3. Transferred in trust before May 27, 1969. Line 1 The activities listed on lines 1a(1)–(6) are considered self-dealing under section 4941 unless one of the exceptions described in Pub. 578 applies. The terms “disqualified person” and “foundation manager” are defined on page 1. Line 1b.—If you answered “Yes” to any of the questions in 1a, you should answer “Yes” to 1b unless all of the acts engaged in were “excepted” acts. Excepted acts are described in Regulations sections 53.4941(d)-3 and 4 and appear in Notices published in the Internal Revenue Bulletin, relating to disaster assistance. Notices currently in effect relating to disaster assistance include Notice 95-7, 1995-6 I.R.B. 36, supplemented by Notice 95-16, 1995-16 I.R.B. 12, Notice 95-33, 1995-23 I.R.B. 10, and Notice 95-47, 1995-35 I.R.B. 17. Line 2 Under section 4947(b)(3)(A), a split-interest trust is not subject to the excess business holdings tax (section 4943) or tax on investments that jeopardize the trust’s charitable purpose (section 4944) if all the income interest (and none of the remainder interest) of the trust is devoted solely to one or more of the charitable purposes described in section 170(c)(2)(B). In addition, all amounts in the trust for which a charitable contribution deduction was allowed under section 170 (for individual taxpayers) or similar Code section for personal holding companies, foreign personal holding companies, estates or trusts (including a deduction for estate or gift tax purposes), cannot have a total value of more than 60% of the total FMV of all amounts in the trust. Under section 4947(b)(3)(B), a split-interest trust is not subject to the section 4943 or 4944 taxes if a deduction was allowed under section 170 (and related provisions for other entities) for amounts payable under the terms of the trust to every remainder beneficiary but not to any income beneficiary. Line 3 In general, excess business holdings are the amount of stock or other interest in a business enterprise that the trust must dispose of to a person other than a disqualified person in order for the trust’s remaining holdings in the enterprise to be permitted holdings. In general, the combined permitted holdings of a trust and all disqualified persons may not be more than 20% of the voting power (or beneficial or profits interest, in the case of a trust or a partnership) in any business enterprise.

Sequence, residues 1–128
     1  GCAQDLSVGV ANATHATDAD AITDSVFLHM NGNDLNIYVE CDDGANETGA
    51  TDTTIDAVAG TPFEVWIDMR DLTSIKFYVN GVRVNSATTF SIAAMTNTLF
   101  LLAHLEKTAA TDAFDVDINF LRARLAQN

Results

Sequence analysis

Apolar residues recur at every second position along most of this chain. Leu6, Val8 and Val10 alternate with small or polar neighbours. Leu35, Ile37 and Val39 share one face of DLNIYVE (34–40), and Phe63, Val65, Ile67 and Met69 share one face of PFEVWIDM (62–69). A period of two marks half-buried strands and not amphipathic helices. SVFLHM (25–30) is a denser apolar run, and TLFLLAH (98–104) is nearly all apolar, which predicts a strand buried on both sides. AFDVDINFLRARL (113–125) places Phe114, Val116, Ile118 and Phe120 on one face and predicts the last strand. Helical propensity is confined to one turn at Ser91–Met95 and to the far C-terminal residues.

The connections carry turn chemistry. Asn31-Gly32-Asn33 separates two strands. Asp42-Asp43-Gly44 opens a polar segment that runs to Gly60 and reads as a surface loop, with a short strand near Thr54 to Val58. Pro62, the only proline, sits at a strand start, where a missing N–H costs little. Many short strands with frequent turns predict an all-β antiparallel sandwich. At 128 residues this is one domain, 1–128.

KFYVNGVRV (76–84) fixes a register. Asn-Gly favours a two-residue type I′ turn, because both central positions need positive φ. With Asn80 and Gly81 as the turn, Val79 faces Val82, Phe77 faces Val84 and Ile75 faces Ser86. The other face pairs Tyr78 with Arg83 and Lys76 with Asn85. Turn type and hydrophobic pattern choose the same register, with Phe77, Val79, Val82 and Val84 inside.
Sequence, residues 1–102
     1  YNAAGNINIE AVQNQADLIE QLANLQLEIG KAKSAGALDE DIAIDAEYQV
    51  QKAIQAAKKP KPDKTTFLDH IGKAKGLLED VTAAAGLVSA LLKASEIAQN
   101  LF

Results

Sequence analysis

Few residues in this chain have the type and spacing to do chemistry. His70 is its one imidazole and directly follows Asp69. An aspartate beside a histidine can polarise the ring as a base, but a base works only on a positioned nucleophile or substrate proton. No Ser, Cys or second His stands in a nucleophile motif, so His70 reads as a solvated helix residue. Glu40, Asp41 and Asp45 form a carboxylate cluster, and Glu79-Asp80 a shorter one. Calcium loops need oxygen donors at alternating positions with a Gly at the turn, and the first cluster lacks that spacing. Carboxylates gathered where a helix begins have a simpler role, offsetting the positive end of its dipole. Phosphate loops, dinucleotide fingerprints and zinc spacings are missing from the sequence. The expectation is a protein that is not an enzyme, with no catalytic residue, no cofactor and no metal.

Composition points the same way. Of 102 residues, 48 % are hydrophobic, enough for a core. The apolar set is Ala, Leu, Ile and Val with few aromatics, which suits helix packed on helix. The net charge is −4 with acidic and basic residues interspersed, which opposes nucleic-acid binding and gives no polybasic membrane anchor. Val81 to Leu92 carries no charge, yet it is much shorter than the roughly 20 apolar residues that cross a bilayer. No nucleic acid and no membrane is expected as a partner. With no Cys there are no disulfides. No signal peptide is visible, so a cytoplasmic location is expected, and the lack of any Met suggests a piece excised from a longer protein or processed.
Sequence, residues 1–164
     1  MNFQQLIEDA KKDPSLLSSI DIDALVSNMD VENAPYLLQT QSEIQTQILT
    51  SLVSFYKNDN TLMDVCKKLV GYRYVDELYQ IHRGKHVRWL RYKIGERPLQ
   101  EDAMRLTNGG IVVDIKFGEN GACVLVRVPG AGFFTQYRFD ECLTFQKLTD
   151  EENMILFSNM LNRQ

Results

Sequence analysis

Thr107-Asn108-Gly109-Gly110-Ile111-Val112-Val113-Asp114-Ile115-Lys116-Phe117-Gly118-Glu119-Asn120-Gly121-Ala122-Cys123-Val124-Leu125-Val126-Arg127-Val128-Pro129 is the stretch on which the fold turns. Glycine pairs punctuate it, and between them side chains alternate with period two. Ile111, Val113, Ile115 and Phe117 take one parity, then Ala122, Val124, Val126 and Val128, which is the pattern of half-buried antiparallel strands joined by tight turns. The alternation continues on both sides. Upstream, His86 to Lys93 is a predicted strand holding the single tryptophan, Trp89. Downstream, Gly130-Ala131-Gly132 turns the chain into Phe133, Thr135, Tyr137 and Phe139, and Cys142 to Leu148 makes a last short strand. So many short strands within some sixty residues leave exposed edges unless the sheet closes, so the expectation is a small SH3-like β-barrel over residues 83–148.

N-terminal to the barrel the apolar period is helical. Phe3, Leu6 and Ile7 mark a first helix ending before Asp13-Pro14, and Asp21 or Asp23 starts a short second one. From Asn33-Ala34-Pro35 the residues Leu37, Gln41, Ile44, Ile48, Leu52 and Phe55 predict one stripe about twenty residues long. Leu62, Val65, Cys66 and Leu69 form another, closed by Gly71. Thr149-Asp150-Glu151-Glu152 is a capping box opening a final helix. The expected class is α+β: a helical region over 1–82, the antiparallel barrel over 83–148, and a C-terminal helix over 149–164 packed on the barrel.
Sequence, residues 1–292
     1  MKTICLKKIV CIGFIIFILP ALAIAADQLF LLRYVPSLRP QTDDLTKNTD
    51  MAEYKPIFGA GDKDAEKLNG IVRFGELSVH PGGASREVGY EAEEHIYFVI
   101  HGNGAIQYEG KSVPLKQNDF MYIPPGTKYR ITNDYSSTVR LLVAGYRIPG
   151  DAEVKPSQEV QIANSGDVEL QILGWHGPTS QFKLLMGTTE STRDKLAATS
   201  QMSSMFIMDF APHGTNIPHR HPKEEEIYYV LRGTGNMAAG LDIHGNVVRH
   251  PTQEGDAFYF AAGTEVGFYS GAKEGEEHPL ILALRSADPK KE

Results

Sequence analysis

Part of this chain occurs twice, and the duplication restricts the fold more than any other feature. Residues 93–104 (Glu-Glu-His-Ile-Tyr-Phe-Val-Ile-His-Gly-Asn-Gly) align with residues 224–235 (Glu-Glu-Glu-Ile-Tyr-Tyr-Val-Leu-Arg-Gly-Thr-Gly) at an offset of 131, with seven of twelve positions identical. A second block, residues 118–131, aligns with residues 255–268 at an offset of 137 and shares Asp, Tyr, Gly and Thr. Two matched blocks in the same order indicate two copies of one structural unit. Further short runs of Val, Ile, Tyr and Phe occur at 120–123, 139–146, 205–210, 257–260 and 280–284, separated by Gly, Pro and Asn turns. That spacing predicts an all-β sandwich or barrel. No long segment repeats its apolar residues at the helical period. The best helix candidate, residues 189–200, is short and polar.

Part V-A and B—Charitable Remainder Trust Information